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Report No. 37

481. Section 167(2) and military custody.-

A suggestion1 of the Ministry of Defence may be noted regarding custody under section 167. Under sections 167(2) and 344, a Magistrate is empowered to remand an accused to any custody, that is to say, he can remand him to other than police custody. It is considered, that accused persons who are subject to military, naval or air force law may be permitted to be remanded to military, naval or air force custody. In fact, such custody has been ordered in some cases. In order that there may be no doubt left in the matter, the following additions should (it has been suggested) be made in the aforesaid sections after the word "custody":-

"including military, naval or air force custody where the accused belongs to any of these services."

We have considered the suggestion.

In section 167(2), the words used are "in such custody as the Magistrate thinks fit". These words are very wide.

In fact, it has been held 2 even under section 344, that the Magistrate can remand the accused to whatever custody he thinks fit. We are therefore of the view, that no change is necessary.

1. F. 3(2)/55-L.C., Pt. VII, S. No. 457 (Suggestion of the Ministry of Defence).

2. M.R. Venkataraman (in re:), AIR 1948 Mad 100 (Accused remanded to Central Jail, Trichinopoly, instead of Madurai Jail), by the Madurai Magistrate.

482. Section 167 and physical production of the accused.-

It has been suggested1 that an accused person should be physically produced before the Magistrate at the time when the police apply for remand, and that the grounds n which they ask for remand should also be put up before the Magistrate in the presence of the accused, so that if the accused wanted to controvert those grounds he could do so.

We examined the position on the subject.

Even now, Magistrates are requested to insist on the physical production of the accused. The position may, perhaps, be different for a subsequent remand.2

In our view, production of the accused every time is necessary whenever remand is desired. But no change is called for in the language.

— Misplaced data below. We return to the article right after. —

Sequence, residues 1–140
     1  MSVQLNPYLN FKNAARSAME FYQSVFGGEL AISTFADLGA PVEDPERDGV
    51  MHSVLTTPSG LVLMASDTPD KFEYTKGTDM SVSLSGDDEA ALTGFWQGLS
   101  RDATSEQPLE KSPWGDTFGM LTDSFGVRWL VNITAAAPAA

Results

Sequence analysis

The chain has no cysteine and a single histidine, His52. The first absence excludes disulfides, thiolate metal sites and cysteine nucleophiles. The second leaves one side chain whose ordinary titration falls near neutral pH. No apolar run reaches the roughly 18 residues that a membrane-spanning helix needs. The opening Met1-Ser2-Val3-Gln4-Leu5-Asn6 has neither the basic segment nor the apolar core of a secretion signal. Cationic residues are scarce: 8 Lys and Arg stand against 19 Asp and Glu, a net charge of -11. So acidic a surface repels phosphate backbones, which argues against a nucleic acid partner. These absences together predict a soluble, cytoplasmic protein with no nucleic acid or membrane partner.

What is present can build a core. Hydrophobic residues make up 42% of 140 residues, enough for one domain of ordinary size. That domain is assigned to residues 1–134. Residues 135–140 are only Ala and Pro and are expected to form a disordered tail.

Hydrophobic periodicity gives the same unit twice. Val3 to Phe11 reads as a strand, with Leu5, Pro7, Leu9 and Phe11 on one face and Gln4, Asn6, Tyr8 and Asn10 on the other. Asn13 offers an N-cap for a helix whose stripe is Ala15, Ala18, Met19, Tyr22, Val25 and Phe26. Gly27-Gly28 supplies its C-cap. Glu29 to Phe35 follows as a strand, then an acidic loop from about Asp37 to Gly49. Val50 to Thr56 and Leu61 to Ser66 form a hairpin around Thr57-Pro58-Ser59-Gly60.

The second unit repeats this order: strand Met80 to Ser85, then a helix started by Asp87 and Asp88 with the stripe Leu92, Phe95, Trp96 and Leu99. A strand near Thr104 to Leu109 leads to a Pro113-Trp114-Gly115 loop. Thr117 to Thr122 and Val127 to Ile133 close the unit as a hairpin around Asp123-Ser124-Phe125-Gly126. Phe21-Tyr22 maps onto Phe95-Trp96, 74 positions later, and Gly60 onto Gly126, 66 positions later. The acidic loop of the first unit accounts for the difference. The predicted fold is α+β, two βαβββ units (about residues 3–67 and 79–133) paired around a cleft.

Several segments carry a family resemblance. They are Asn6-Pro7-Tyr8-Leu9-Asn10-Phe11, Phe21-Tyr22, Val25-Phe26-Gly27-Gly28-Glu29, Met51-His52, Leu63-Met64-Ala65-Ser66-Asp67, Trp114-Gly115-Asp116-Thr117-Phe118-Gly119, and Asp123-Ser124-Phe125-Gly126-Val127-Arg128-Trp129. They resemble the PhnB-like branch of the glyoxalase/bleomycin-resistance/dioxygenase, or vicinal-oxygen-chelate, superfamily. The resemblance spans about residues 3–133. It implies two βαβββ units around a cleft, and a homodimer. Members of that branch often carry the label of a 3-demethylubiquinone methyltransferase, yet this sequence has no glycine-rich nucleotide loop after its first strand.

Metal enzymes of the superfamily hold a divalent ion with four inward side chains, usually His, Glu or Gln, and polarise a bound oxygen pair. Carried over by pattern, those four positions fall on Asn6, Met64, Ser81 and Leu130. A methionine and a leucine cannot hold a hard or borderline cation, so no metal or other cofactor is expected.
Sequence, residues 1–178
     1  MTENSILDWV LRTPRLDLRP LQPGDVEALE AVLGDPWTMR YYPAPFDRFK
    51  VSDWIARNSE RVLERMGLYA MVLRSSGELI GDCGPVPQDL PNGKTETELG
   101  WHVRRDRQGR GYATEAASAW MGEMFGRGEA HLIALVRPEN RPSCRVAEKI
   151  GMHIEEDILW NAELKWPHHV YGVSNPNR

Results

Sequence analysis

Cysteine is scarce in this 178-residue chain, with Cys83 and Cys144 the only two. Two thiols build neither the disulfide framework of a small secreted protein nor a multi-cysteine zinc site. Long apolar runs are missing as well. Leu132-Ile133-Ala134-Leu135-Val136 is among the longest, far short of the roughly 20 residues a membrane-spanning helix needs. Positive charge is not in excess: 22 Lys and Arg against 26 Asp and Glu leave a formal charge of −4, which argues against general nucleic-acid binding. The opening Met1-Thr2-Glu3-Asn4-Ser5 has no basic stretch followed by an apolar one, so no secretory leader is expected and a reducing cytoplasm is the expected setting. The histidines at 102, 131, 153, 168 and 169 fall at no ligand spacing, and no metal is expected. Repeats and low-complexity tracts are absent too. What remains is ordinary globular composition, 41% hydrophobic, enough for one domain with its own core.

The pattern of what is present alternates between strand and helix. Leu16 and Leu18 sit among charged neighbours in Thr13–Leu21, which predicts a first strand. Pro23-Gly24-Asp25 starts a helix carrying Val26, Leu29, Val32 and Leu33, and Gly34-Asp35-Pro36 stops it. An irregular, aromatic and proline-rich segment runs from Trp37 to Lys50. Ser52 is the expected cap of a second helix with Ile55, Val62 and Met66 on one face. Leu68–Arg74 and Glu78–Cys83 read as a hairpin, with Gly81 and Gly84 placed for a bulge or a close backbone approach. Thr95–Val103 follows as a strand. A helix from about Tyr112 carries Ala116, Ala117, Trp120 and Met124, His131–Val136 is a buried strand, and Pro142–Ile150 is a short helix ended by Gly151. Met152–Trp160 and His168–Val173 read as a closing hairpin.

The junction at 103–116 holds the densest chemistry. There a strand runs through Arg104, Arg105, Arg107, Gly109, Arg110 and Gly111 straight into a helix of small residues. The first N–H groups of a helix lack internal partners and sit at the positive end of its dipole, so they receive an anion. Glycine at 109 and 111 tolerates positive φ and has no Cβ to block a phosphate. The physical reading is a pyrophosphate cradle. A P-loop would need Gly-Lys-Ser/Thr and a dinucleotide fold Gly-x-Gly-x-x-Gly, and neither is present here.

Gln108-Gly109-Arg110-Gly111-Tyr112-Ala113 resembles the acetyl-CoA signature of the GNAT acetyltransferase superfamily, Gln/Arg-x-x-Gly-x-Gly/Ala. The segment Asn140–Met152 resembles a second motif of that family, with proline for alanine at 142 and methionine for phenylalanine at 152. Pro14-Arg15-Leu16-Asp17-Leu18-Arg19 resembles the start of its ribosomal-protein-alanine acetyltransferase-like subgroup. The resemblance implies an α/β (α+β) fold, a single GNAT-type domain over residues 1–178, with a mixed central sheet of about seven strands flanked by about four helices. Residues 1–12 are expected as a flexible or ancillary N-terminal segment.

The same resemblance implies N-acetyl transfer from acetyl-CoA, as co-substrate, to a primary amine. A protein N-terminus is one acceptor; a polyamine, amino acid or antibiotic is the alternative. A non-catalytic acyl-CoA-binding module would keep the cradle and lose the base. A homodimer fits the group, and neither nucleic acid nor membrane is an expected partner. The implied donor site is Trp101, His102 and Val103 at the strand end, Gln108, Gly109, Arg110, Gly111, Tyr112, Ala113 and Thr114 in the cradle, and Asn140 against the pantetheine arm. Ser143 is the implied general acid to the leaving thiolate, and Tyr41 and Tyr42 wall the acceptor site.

1. F. 3(2)/55-L.C., Pt. VII, S. No. 449, Suggestion of the U.P. Committee for Investigation of Causes of Corruption in Subordinate Courts in Uttar Pradesh (1963), Report, p. 48, Bill at pp. 234-235.

2. Cf. Niranjan v. Manipur Administration, AIR 1958 Mani 33 (34).

483. Section 167(4).-

Section 167(4) will require re-drafting, in view of separation.

484. Section 168.- No change is needed in section 168.

485. Section 169.-

In section 169, the words "report in writing" etc. should be substituted for the words "police report".1

1. Cf discussion as to section 4(1)-definition of "complaint".

486. Section 170.-

In section 170, the following amendments are needed-

(a) The words "report of police officer" etc. should be substituted for the words "police report."1

(b) In section 170(3), the "Chief Judicial Magistrate" be substituted for the words "District Magistrate."

1. Cf discussion regarding section 4(1)-"complaint".

487. Section 171.-

A suggestion to delete the first part of section 171 has been received,1 but we do not accept it.

1. F. 27(3)/55-Judl. H (Home Ministry) Appendix I, Item No. 32.

488. Section 172.- No change is needed in section 172.

489. Section 172(1) and suggestion regarding sending case diaries to the Magistrate.-

With reference to section 172, the following suggestion1 has been made by the Markapur Bar Association, (Andhra Pradesh):

"Apart from section 172, the Police Standing Order in force in this State (vide P.S.O. 557) requires that the case diary be sent to the Superintendent of Police to ensure that the case diary is not altered subsequently for any reason. It is also mandatory that the case diary is sent to the Magistrate along with the remand report. But if the accused is not arrested, the case diary recorded even up to that time is not sent to the Magistrate. The case diary recorded upto the time of remand is never complete. In the interests of justice, and to ensure a fair trial, it is not sufficient if the case diary is sent to the Superintendent of Police. It is also necessary that the case diary is sent to the Magistrate having jurisdiction to try the case, day to day, and such course will be very much in the interest of justice."

It has therefore been suggested, that after sub-section (1), sub-section (1A) may be inserted as follows:-

"(1A) The proceedings so entered in the case diary shall day to day be s' communicated to the court having jurisdiction to try the case."

1. F. 3(2)/55-L.C., Pt. III, S. No. 50(o), (p. 219, correspondence).

490. We are unable to accept the suggestion. As regards statements under section 161, we have considered the matter1 separately. But statements in a police diary stand on a special footing. We do not see any need for the provision in question.

1. See discussion regarding section 161.

Code of Criminal Procedure, 1898 (Sections 1-176) Back

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